A 0.5 g of the CMC was dissolved in 25 ml of distilled water and the pH was measured using a Mettler Toledo pH meter.

2.6. Determination of Degree of Substitution

Method: The determination of the degree of substitution was carried out according to the method of [11]. The Carboxylmethyl Cellulose (0.84 g) calculated as oven dried product, was ashed at 700˚C for 20 mins, the ash was dissolved in 42 ml boiling deionized water before titrated with 0.1n H2SO4, using electronic pH meter, until the solution reached a pH of 4.4. The DS was then calculated from the amount of titrated acid (b/ml) and the amount of CMC (G/g).

D S = 0.162 ( 0.1 b G ) 1 0.080 ( 0.01 b G )

2.7. Cold Water Solubility

The determination of the cold water solubility was carried out according to the method of [11]. A 0.5 g of the CMC sample was soaked in 25 ml of cold water; the mixture was kept for 6 hrs, filtered, allowed to dry under 105˚C in an oven and reweighed after cooling. The solubility of the CMC was determined using the formula and result recorded.

%solubility = loss in weight Volume of water × 100

2.8. The Kinematic Viscosity was Determined Using Ostwald Type Viscometer

The determination of the viscosity was modified from the method used by [12]. Viscosity is a measure of the resistance of a fluid to deformation under shear stress. It describes a fluid’s internal resistance to flow and is a measure of fluid friction.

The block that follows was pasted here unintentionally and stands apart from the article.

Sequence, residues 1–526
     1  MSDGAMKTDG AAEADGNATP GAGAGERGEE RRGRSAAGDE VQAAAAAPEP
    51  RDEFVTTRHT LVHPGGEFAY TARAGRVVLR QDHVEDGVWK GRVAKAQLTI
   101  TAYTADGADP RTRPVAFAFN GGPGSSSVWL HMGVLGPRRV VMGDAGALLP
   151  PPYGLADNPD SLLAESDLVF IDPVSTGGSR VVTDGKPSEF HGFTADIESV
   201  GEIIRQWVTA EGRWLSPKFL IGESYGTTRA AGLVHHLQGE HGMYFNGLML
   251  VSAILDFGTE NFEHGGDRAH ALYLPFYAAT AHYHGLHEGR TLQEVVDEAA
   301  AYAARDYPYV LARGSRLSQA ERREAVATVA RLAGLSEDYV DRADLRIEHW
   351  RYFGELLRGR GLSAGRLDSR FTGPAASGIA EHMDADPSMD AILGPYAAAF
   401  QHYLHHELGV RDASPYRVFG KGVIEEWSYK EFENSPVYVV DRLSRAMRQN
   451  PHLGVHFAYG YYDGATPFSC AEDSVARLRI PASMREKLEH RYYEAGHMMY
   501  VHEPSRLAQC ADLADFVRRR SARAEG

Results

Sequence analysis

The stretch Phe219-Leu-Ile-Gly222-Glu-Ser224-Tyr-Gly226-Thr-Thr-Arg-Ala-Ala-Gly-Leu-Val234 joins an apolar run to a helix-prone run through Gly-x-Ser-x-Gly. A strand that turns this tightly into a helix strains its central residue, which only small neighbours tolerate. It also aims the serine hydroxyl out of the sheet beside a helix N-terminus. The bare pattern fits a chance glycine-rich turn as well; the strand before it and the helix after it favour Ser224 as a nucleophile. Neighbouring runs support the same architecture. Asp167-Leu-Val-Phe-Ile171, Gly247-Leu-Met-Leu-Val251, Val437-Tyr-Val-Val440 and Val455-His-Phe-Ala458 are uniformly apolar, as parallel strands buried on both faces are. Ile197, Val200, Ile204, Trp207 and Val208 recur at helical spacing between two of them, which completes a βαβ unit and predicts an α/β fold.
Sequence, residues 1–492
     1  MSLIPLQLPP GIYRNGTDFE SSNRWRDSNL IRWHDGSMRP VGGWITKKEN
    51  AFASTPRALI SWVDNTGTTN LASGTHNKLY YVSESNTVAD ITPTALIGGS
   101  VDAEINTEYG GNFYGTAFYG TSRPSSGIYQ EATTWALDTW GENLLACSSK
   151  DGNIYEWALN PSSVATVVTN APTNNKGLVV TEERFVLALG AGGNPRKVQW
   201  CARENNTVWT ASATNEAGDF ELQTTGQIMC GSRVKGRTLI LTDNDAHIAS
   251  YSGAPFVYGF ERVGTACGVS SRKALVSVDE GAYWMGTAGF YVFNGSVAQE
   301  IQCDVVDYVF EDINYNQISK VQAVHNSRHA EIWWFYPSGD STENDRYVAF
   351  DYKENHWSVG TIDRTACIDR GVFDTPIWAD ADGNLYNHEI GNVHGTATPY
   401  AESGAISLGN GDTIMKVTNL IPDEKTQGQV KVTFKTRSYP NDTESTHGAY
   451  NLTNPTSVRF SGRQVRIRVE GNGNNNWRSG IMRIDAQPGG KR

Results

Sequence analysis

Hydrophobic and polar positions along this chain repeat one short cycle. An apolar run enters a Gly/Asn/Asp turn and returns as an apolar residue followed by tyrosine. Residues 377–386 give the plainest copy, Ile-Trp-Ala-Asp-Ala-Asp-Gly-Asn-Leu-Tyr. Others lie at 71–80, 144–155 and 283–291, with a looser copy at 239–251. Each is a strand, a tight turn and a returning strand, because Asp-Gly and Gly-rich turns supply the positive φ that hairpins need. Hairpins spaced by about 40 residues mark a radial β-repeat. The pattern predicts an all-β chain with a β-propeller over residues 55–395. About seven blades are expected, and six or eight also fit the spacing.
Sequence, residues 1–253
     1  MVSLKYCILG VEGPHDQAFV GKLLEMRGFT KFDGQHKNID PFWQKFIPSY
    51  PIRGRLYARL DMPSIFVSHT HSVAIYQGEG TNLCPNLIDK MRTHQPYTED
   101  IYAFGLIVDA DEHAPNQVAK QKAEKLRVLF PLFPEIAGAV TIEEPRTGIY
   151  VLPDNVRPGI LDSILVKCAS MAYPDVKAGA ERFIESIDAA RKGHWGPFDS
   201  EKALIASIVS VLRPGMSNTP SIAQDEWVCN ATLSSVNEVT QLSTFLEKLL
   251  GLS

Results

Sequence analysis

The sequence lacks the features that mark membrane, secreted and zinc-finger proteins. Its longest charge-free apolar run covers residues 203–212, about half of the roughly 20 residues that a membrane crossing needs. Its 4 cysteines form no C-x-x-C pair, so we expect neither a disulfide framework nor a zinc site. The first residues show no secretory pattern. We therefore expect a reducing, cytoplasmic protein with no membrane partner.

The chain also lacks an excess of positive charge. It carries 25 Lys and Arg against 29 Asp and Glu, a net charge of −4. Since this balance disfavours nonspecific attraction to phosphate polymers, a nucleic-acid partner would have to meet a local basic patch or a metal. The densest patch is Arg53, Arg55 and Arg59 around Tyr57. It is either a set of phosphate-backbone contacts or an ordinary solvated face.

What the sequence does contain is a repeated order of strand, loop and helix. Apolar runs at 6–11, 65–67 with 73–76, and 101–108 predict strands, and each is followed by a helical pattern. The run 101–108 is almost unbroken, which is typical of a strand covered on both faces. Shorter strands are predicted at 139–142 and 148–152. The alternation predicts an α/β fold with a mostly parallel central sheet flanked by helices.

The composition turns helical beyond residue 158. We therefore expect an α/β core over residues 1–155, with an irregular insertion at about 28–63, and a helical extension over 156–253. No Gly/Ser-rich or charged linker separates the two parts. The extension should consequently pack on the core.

A 2 g of the CMC sample was dissolved in 25 ml of water and the viscosity was determined using U-TUBE viscometer. The Kinematic viscosity was determined using Ostwald type viscometer.

Procedure: The viscometer was filled with 25 ml of the dissolved sample through tube L to slightly above the mark G, using a long pipette to minimize wetting the tube above the mark. The U-tube was placed vertically in a water bath maintained at room temperature for 30 mins to allow the temperature reach equilibrium. The volume of the liquid was adjusted so that the bottom of the meniscus settled at the mark G. The liquid was blown to a point about 5 mm above the mark E. Then, the time taken for the bottom of the meniscus to fall from the top edge of mark E to the top edge of mark F was measured from the u-tube Ostwald viscometer. Then the viscosity was calculated in square millimeter per second (mm2∙s−1).